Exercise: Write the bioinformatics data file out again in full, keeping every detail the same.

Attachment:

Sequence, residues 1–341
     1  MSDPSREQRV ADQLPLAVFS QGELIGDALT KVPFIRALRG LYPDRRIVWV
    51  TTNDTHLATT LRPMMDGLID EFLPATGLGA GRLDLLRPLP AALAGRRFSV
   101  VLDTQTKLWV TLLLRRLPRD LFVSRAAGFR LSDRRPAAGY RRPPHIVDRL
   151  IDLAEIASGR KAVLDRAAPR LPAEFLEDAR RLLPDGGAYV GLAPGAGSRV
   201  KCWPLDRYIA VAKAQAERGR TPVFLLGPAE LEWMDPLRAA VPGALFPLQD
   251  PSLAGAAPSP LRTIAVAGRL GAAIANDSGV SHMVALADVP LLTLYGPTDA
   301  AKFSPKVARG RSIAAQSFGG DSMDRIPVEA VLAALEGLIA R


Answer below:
Sequence, residues 1–341
     1  MSDPSREQRV ADQLPLAVFS QGELIGDALT KVPFIRALRG LYPDRRIVWV
    51  TTNDTHLATT LRPMMDGLID EFLPATGLGA GRLDLLRPLP AALAGRRFSV
   101  VLDTQTKLWV TLLLRRLPRD LFVSRAAGFR LSDRRPAAGY RRPPHIVDRL
   151  IDLAEIASGR KAVLDRAAPR LPAEFLEDAR RLLPDGGAYV GLAPGAGSRV
   201  KCWPLDRYIA VAKAQAERGR TPVFLLGPAE LEWMDPLRAA VPGALFPLQD
   251  PSLAGAAPSP LRTIAVAGRL GAAIANDSGV SHMVALADVP LLTLYGPTDA
   301  AKFSPKVARG RSIAAQSFGG DSMDRIPVEA VLAALEGLIA R